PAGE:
The Forager’s Toolkit

This page is essentially a check-list of the things you’ll need before you head out into the wilderness in search of your dinner. I’ve separated everything into categories for easy browsing.

To Gather Molluscs You Will Need:

  • Wellies, guide, tub, and rakeEssential: A decent identification guide on the Molluscs you will be collecting, and also authoritative information ensuring that the waters you are collecting from are clean.
  • Essential: A tide timetable. It is far too easy to be caught out by an in-coming tide.
  • A bucket or plastic tub in which to gather your spoils.
  • You will also need a garden rake if going after Cockles, and possibly even a spade for Clams.
  • A sturdy, blunt knife is also handy for prising the likes of Limpets off rocks.
  • I also recommend a decent pair of wellies – foraging around rockpools is almost guaranteed to ruin your shoes.

To Gather Wild Greens You Will Need:

  • Basket and glovesEssential: Arguably even more important than a Mushroom guide is a guide to the wild Greens that you will be hunting for. Some species – Hemlock Water Dropwort, for example – if consumed will see you off in a matter of hours, so sure identification, as always, is an absolute must.
  • A basket, plastic tub or even just a carrier bag is fine for collecting a few greens.
  • A pair of gloves (even marigolds) are a very handy thing to have in your basket, especially if you are out picking anything thorny or prickly (like Stinging Nettles).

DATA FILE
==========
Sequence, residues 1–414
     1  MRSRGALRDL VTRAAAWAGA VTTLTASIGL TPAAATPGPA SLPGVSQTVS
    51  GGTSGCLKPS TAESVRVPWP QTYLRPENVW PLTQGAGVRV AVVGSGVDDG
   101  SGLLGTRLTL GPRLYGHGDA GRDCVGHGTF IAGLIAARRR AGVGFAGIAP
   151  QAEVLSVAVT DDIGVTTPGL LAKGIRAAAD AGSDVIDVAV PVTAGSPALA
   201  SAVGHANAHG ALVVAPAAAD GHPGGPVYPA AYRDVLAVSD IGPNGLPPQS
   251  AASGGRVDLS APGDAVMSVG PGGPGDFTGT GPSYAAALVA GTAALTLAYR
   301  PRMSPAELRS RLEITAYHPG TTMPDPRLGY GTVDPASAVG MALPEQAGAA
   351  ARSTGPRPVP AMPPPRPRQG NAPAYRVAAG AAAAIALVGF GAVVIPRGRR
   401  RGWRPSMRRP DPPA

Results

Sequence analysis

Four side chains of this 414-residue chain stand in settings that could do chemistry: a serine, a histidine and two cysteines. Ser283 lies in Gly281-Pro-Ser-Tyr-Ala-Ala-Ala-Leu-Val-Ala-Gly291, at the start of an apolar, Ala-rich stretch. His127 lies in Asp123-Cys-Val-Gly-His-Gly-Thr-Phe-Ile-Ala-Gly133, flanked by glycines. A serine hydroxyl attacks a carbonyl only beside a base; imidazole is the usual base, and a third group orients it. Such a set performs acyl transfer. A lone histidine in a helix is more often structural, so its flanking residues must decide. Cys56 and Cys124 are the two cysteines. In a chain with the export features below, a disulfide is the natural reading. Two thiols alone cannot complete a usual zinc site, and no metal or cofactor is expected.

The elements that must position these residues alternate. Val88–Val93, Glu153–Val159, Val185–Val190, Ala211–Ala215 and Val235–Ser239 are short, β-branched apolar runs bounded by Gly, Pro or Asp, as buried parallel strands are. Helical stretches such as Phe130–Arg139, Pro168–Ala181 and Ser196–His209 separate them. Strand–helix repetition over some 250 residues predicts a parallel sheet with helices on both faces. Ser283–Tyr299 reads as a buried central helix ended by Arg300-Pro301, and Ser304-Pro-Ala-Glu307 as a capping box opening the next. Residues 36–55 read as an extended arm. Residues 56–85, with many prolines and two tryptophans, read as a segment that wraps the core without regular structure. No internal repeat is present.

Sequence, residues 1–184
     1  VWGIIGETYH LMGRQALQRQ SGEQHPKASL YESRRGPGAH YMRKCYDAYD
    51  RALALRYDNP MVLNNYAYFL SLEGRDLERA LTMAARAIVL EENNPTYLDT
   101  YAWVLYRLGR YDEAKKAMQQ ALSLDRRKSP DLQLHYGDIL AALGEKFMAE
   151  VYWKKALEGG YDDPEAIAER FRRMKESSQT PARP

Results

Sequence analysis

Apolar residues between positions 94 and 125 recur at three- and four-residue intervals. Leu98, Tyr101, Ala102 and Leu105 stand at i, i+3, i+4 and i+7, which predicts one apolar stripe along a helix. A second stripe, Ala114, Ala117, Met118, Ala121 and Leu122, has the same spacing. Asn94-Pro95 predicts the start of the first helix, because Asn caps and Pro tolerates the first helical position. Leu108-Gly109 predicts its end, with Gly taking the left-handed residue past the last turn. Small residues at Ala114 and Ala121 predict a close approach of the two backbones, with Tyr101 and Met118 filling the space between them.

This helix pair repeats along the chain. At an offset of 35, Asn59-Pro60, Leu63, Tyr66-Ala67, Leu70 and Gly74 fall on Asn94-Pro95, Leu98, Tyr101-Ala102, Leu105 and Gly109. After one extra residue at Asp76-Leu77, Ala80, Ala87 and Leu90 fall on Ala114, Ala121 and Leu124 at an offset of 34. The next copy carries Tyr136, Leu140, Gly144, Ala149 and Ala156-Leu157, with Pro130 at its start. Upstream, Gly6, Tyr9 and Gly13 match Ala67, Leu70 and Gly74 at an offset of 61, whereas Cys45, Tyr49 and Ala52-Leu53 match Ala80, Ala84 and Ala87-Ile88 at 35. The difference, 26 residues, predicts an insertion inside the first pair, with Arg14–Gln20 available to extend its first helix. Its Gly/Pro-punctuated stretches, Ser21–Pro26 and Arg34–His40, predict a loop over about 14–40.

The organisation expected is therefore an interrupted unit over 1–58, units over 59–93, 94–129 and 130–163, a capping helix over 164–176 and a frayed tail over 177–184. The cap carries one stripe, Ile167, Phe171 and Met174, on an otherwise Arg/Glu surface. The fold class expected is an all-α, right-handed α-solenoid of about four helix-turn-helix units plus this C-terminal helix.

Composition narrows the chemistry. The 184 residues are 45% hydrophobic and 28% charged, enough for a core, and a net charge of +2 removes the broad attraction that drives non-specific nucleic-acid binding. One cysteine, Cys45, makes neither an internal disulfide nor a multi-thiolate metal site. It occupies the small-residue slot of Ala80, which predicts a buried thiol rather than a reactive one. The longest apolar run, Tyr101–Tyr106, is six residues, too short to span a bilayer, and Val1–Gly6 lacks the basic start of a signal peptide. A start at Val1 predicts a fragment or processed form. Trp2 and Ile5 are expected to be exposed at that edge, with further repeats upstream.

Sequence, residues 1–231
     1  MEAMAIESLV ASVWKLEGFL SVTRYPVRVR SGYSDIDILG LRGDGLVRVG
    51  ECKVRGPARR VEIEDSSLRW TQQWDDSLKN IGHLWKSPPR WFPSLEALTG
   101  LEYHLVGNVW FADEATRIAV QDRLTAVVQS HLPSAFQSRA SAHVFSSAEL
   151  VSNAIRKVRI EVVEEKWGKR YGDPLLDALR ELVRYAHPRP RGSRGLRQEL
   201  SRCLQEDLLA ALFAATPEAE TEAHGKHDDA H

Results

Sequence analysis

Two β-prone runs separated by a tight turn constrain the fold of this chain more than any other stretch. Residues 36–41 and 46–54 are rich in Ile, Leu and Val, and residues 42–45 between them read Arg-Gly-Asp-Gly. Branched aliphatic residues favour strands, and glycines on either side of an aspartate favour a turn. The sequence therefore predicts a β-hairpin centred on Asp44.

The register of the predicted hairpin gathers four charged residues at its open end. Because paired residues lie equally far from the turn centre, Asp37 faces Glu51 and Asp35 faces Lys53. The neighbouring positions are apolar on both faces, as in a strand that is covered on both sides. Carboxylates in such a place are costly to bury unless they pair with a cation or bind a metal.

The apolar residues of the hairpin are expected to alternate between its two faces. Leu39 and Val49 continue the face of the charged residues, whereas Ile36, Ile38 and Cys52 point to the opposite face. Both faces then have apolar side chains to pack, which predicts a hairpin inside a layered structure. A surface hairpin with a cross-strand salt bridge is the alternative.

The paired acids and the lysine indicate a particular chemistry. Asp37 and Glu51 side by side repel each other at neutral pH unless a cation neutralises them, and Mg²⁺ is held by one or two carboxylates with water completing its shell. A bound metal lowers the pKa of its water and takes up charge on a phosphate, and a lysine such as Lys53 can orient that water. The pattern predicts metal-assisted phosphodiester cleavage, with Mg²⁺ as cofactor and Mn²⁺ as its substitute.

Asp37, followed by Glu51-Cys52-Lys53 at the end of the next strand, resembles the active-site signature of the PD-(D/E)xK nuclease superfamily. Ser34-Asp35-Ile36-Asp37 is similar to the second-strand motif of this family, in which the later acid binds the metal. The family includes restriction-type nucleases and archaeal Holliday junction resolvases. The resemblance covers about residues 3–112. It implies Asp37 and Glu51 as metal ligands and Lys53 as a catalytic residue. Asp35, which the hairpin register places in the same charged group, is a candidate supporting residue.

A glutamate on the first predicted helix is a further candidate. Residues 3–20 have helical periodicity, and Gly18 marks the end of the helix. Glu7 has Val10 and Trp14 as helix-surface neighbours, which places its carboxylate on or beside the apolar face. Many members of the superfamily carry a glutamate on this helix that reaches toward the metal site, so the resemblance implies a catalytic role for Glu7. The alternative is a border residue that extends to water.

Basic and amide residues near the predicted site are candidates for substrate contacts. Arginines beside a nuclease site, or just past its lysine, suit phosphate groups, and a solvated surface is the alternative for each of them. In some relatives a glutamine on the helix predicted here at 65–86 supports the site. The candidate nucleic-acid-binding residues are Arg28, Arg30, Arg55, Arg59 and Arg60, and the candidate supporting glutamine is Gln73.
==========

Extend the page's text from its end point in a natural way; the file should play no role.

• A pair of kitchen scissors are also useful for snipping off the fresh young tips of most greens. 

To Gather Wild Fruits and Berries You Will Need:

  • HawsEssential: At least two decent field guides to identifying wild plants. Many red berries in particular look sufficiently similar to cause confusion between which are safe and which are poisonous.
  • A basket is fine for large fruits, but berries tend to get trapped and squished in between the grooves. Buckets are good all-rounders, as are large plastic containers.
  • Gloves may be required as some berry bushes – the tellingly titled Bramble, for example – are, well, a bit brambly.
  • A walking stick is also useful for hooking down those hard to reach branches.
  • Even better, a ladder, and someone to hold it as you climb. 

To Gather Mushrooms You Will Need:

  • A basket, trug, or plastic container to transport your findings home. Plastic carrier bags will not suffice I’m afraid as the mushrooms will sweat and spoil before you get them home.

    I have tried to identify this little mushroom I found for this picture, but have failed. There are over 4,000 species of larger fungi in the UK, so I've still got a lot to learn!

  • Essential: At the very least two books on how to identify wild mushrooms. You must always double-check, cross-check, and double-check again everything you put in your basket.
  • (Optional) A penknife. These are handy to help dig up the whole mushroom – essential for sure identification. You can also trim your mushrooms and scrape off any dirt before putting them in your basket to save yourself a job when you get home. You can get specialised mushroom knives, like the one shown here, complete with a little brush to tidy up your prize.

2 Responses to The Forager’s Toolkit

  1. Amanda says:

    Can you eat winkles in June?

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